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Blog Archive


How Curiosity Will Land on Mars, Part 1: Entry

Posted by Emily Lakdawalla on 2012/06/22 07:19 CDT | 14 comments

When people first hear about how Curiosity will land on Mars, their first question always is: are they nuts? This is the first in a multi-part series describing how -- and why -- Curiosity will land this way, in excruciating detail.

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Cosmoquest Science Hangout Wednesday June 20 2300 UTC: Ravi Prakash, Curiosity engineer

Posted by Emily Lakdawalla on 2012/06/18 05:32 CDT | 1 comments

This Cosmoquest Science Hangout featured Ravi Prakash, Curiosity Entry, Descent, and Landing Systems Engineer. He explained how Curiosity will land on Mars, and why they've changed things since Spirit and Opportunity landed.

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In which I visit Mojave Spaceport and meet WhiteKnightTwo and SpaceShipTwo

Posted by Emily Lakdawalla on 2012/05/29 11:51 CDT | 4 comments

It was just a coincidence, but a cool one, that I got a chance to visit the Mojave Spaceport so soon after the dramatic "New Space" success of the launch and Space Station docking of SpaceX's Falcon 9 and Dragon.

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Virtual Exploration, Virtually Everywhere

Posted by Jim Bell on 2012/05/14 10:45 CDT

I had the pleasure of participating in a symposium at NASA's Goddard Space Flight Center called "Space Exploration via Telepresence: A New Paradigm for Human-Robotic Cooperation."

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Examining India's new RISAT 1 Earth observation satellite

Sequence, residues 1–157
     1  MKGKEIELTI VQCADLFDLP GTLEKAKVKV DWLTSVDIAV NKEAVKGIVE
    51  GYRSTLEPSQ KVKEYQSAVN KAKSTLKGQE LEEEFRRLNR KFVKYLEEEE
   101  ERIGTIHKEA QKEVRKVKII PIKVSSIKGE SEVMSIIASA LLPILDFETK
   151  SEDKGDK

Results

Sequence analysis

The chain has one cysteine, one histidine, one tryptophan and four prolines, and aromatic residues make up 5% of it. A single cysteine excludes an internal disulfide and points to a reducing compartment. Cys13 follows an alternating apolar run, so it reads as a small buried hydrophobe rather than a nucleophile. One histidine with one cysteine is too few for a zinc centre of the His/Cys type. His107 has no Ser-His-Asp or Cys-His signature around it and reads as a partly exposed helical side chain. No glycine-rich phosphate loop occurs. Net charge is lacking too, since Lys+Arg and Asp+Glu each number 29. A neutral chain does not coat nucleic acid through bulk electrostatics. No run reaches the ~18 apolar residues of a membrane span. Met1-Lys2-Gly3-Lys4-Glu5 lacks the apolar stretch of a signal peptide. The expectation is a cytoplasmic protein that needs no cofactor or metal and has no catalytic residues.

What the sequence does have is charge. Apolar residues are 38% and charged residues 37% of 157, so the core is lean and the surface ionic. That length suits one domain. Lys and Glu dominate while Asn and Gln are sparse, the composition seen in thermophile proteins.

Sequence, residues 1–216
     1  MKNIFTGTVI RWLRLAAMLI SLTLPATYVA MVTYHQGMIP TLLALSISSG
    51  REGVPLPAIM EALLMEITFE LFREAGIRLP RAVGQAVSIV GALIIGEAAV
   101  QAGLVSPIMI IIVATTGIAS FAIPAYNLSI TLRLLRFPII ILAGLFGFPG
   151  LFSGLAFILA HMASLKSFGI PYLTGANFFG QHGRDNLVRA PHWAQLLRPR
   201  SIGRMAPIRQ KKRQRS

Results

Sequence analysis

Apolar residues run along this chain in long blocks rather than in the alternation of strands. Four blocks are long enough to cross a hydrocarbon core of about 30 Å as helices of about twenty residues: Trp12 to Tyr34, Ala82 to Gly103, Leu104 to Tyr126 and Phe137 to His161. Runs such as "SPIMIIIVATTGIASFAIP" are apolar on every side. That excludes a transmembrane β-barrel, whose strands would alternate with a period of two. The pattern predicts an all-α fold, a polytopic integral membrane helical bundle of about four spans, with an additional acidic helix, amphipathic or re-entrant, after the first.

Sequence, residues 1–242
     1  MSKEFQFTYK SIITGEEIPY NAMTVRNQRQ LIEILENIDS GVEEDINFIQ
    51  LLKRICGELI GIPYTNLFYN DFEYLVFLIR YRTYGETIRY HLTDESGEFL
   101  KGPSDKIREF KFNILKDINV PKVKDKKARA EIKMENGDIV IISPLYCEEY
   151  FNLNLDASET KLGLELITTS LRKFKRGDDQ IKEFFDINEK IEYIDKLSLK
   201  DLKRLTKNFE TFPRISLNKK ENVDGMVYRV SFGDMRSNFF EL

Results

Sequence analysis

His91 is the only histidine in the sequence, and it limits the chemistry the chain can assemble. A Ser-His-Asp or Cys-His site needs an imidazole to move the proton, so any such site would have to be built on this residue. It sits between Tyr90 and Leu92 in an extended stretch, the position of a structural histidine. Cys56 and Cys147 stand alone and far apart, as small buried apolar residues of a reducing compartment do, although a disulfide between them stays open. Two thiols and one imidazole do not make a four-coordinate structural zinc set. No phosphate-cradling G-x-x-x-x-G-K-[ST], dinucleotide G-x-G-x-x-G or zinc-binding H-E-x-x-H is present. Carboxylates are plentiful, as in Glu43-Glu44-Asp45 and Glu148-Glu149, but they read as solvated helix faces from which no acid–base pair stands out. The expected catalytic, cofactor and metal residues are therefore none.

Posted by Jason Davis on 2012/05/02 12:03 CDT | 1 comments

Last week, India launched RISAT 1, a new Earth-observing satellite. How does its synthetic aperture radar compare to that of Envisat, which has fallen silent?

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Planets around Alpha Centauri?

Posted by Bruce Betts on 2012/04/24 12:03 CDT | 2 comments

Do planets circle our closest stellar neighbors, the system loved by science fiction: Alpha Centauri? We don’t know. But, Debra Fischer, Julien Spronck, and their colleagues at Yale University, in part with Planetary Society support, are trying to find out.

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Pioneer Anomaly Solved!

Posted by Bruce Betts on 2012/04/19 11:00 CDT | 12 comments

With the latest piece of the puzzle just published in a scientific journal, a solar system mystery that has perplexed people for more than 20 years has been solved, truly thanks to the support of Planetary Society members.

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Of inclinations and azimuths

Posted by Jason Davis on 2012/04/11 12:29 CDT

A classified U.S. military satellite recently launched into an orbital inclination of 123 degrees. What makes this trajectory so unique? Pondering the answer affords the opportunity to learn some deceptively tricky concepts about the nature of all spacecraft orbits.

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Visiting a Solar Sail in the OC

Posted by Mat Kaplan on 2012/03/16 06:33 CDT

The city of Tustin is about an hour's drive from Planetary Society HQ in Pasadena. That's when the freeway gods are kind, which they never are. The trip I made there yesterday was well worth the trouble.

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Cool stuff brewing at Honeybee Robotics

Posted by Emily Lakdawalla on 2012/03/15 03:05 CDT